against US intervention in Syria.
As for the
arms we put in, Barnard states: “But he also
said any further American effort to arm rebels
or join the fight could backfire”.
the arms already sent? “Right now we’re putting
an extraordinary amount of arms in,” Kerry said,
unquoted by the Times. Was there something in
Kerry’s logic that would show our past arms
support did no harm, but future support would?
Doesn’t his argument point to the painful
awareness that some of the hundreds of thousands
who have died in Syria died because we and our
allies kept the war going?
also expressed sympathy for the Syrians’
demands that the United States intervene
more forcefully amid Syrian and Russian
airstrikes against civilians, telling the
group that he “lost the argument” for using
military force against the regime of Syrian
President Bashar al-Assad
be hard pressed to think of an example where
activists passionately opposed to US
interventions or crimes or the crimes of our
allies had a private conversation with an
American Secretary of State. How many
Palestinians or victims in Yemen or for that
matter, Syrians opposed to the rebels ever get
to have such meetings? No need to worry about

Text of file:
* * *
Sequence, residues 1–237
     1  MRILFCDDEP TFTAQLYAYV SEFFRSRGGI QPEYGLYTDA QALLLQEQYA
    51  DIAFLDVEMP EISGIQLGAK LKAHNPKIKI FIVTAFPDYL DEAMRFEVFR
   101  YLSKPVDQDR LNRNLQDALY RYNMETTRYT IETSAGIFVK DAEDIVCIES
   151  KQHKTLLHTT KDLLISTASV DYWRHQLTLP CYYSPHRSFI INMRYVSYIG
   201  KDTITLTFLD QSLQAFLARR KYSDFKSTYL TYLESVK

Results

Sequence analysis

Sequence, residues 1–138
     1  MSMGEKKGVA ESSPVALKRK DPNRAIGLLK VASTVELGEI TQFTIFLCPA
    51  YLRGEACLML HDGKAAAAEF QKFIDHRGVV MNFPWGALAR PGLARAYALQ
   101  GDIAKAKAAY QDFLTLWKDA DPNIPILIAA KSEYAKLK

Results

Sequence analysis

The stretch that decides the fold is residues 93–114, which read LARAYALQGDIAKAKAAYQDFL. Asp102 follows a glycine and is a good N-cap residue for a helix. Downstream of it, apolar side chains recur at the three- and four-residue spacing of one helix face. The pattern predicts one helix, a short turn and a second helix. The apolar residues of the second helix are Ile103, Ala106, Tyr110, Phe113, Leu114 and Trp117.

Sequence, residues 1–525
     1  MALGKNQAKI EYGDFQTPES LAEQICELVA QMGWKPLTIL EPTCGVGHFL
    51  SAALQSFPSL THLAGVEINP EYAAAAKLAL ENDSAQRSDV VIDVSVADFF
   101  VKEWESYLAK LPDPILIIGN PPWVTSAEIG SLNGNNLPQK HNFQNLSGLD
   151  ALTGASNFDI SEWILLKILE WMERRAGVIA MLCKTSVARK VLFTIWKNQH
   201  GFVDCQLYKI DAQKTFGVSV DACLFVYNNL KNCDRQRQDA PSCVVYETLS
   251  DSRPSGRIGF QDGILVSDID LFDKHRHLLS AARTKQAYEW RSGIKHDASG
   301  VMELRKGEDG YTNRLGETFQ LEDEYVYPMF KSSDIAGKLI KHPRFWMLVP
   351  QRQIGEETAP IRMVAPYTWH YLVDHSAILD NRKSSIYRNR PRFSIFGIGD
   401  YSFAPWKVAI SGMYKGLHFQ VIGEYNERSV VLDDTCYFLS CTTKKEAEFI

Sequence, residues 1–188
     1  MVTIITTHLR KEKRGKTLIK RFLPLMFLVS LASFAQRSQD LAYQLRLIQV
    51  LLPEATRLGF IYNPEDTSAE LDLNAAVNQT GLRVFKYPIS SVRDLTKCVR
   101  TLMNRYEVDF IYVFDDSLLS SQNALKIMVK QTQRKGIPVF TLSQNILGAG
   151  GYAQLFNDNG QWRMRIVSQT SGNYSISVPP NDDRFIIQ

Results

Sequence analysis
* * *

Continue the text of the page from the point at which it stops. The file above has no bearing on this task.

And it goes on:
media bias in reporting such conversations,
because they never seem to happen anyway. So
Kerry can go on about our adherence to
international law, drawing a distinction between
us and the Russians, in the certainty he won’t
be contradicted by people in Yemen, as
1000 children die each week largely because
of our Saudi allies, with our support. And Kerry
probably won’t be speaking with people from
though in a hot-mic situation Kerry himself
angrily referred to the Israeli bombing of
the strip in 2014 as a “hell of a pinpoint
tweeted about the tape last week, spiking
interest in the matter. The audio has received a
fair amount of attention on some rightwing
blogs, who call Obama a traitor for supporting
ISIS. That exaggerates what is on the tape. On
the left the references have been intermittent
so far. Joe Lauria at Common
Dreams correctly summarized the
Secretary of State John Kerry said the U.S.,
rather than seriously fight Islamic State in
Syria, was ready to use the growing strength
of the jihadists to pressure Assad to
#Russia intervened in #Syria, by John Kerry.
And why the US watched #ISIS rise & wanted
to use it.
puzzling. One would expect the MSM to suppress
the really interesting parts which go against
the narrative usually pushed, which is one where
we are the undoubted good guys, if somewhat
feckless, and the Russians are pure evil. But
why hasn’t it gotten more attention on the left?
You aren’t going to find a better case against
our intervention in Syria than the one made by
thanks to Donald Johnson.